Sweden’s Courageous Step: Combating Gang Violence through State-of-the-Art Biometric Surveillance

The Swedish government is accelerating its plans to expand police use of advanced biometric systems.

This move, driven by an alarming rise in firearm and explosive-related crimes, has been fast-tracked for examination by the government and a prominent far-right conservative party.

The urgency of this issue has led to an expedited inquiry process, set to be completed in half the usual time. The justice minister assured the findings will be published by spring.

Typically, government inquiries serve two purposes – either to bury a topic or to demonstrate that a proposed action has been thoroughly considered. In this case, it’s clear that the latter is the intention.

A coalition of conservative and right-leaning parties, including the Moderates, Christian Democrats, and Liberals, are joining forces to strengthen biometric surveillance.

While the specific type of facial recognition technology to be used remains unspecified, references to drones and traffic cameras suggest a focus on live facial recognition rather than retrospective analysis.

The inquiry members are considering a range of options, one of which includes a fourfold increase in the number of surveillance cameras available to the police.

If implemented, this would integrate 2,500 new and existing lenses into police facial recognition algorithms by December 2023, an increase of 900 more than initially planned. Additionally, these measures would lay the groundwork for the use of automated number plate recognition (ANPR) by the police.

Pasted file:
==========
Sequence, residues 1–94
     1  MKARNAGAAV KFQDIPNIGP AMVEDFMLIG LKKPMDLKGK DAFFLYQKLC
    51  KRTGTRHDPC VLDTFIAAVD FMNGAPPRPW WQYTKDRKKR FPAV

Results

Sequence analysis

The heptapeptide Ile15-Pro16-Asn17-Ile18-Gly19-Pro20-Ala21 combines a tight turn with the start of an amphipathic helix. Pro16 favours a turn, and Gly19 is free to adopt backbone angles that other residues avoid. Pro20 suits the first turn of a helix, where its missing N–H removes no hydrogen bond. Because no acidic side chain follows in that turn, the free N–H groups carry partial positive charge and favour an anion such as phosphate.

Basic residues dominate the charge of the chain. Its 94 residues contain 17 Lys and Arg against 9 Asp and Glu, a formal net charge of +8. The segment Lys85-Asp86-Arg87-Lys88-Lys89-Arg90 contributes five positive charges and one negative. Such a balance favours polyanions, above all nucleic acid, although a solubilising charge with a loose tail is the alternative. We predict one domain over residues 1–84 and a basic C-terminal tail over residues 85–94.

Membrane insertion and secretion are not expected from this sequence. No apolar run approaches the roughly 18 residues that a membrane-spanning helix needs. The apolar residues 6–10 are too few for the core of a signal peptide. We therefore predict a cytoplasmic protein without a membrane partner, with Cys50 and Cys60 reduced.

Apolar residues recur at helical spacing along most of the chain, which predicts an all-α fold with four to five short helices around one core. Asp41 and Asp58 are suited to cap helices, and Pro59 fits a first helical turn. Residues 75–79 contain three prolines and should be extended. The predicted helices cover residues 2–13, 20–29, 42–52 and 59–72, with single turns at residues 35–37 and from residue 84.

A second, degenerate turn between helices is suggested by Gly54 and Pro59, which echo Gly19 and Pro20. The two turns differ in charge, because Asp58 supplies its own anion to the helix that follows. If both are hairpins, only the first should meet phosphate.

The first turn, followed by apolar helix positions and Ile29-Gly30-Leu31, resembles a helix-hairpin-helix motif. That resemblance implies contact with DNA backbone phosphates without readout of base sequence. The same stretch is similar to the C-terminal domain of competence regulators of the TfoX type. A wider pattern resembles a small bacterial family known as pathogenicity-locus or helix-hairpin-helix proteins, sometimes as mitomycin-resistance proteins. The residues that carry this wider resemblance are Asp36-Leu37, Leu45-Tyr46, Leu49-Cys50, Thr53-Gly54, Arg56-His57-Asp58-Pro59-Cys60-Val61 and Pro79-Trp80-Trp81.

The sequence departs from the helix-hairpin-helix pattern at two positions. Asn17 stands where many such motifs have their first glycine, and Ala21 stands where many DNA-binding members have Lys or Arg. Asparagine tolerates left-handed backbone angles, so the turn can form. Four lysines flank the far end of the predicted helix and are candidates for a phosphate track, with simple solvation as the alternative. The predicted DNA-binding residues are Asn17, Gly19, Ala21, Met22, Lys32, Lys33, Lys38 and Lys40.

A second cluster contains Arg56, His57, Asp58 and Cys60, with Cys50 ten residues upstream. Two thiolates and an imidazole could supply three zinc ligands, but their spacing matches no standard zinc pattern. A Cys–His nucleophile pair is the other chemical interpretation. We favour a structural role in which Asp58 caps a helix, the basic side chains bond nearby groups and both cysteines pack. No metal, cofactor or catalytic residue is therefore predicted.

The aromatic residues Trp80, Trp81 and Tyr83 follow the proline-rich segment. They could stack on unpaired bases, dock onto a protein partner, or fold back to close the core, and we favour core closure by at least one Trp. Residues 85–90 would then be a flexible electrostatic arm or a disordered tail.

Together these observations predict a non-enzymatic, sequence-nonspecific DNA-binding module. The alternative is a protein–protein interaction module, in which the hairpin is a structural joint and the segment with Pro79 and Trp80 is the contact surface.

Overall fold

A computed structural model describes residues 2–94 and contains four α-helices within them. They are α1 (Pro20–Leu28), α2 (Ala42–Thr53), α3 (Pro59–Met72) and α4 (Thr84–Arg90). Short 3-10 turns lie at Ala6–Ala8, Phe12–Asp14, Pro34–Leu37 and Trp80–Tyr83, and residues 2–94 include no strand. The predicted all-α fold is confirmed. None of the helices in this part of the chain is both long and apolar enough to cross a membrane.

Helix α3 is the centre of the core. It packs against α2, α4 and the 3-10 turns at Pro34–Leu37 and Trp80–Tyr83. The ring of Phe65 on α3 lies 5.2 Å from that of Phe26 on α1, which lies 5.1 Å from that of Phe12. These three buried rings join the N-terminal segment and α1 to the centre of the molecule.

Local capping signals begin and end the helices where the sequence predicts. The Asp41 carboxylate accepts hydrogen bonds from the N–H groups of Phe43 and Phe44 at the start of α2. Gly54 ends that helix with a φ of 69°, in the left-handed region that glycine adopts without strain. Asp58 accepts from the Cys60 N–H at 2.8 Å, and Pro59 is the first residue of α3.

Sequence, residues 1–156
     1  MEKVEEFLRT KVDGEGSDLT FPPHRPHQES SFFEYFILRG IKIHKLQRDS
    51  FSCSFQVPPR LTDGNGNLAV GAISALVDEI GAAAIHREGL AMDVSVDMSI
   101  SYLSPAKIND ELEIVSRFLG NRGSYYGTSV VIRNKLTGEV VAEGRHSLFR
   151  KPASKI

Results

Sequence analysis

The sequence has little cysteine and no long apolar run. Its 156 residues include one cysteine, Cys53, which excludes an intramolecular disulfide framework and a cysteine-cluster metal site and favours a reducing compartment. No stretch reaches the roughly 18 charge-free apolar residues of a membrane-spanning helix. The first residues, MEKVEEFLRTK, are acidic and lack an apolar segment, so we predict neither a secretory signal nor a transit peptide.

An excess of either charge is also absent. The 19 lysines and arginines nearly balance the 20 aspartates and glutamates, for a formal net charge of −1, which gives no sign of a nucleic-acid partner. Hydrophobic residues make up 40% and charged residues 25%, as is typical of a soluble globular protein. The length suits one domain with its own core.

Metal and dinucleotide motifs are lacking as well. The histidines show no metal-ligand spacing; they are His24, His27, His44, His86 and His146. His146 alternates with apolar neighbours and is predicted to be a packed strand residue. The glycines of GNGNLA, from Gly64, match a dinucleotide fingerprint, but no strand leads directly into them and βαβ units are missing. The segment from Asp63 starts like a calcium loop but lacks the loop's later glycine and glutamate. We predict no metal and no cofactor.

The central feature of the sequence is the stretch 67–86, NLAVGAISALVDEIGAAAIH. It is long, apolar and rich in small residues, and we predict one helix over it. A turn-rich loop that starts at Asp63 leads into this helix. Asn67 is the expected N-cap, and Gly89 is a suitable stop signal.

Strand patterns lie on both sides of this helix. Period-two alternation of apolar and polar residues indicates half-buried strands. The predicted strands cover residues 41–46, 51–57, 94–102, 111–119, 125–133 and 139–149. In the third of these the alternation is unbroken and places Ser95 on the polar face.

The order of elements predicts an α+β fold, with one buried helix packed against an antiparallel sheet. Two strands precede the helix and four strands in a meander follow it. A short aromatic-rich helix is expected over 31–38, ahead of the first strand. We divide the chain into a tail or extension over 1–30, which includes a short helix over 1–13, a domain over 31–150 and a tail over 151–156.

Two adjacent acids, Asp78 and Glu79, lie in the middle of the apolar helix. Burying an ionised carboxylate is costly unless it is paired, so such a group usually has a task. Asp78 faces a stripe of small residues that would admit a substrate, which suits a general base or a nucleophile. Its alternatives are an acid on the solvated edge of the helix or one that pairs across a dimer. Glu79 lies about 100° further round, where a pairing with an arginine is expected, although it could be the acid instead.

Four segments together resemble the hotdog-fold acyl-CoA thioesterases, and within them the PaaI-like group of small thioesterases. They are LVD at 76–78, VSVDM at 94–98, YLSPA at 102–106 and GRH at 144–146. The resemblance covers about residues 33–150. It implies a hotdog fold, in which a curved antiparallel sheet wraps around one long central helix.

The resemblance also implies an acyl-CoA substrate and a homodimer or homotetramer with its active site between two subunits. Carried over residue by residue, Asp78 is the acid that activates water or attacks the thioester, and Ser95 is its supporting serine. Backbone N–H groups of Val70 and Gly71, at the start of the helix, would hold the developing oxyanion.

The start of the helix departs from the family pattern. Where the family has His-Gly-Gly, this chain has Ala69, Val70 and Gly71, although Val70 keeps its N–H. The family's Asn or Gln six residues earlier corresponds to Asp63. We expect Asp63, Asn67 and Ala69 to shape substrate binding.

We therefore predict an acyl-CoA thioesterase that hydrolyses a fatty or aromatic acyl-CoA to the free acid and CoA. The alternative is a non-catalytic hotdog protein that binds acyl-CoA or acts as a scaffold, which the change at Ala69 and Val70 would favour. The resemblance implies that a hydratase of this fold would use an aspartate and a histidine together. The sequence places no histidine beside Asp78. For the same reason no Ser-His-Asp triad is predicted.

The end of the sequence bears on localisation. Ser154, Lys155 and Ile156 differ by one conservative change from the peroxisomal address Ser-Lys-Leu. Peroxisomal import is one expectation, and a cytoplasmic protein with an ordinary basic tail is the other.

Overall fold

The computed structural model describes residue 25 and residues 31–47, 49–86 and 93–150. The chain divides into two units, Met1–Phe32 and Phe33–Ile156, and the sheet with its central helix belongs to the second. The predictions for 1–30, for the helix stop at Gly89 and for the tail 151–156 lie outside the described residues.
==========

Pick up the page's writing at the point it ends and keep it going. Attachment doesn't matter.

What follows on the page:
Reports from Euractiv indicate that drones and road cameras operated by Sweden’s Transportation Administration could also be incorporated into this extensive surveillance network. This idea has been under public consideration since 2019 and was presented to the European Union by government representatives in February.

This month marked a significant shift in surveillance powers. Previously, the Säpo, a national security service, held the majority of authority for public surveillance.

Now, the police have been granted broader powers to use biometric identifiers and eavesdrop to prevent gang crimes, including bombings, murders, abductions, and drug distribution.

Furthermore, surveillance can now be ordered on specific individuals, not just areas, marking a significant change in approach. This move towards bolstering biometric surveillance is a clear indication of the government’s commitment to tackling gang violence head-on.

Sweden’s decision to fast-track the expansion of biometric surveillance in response to escalating gang violence is a bold and decisive move. The collaboration between conservative and right-leaning parties demonstrates a unified front against crime.

This article appeared in FreshOffThePress and has been published here with permission.

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Written by Western Reader

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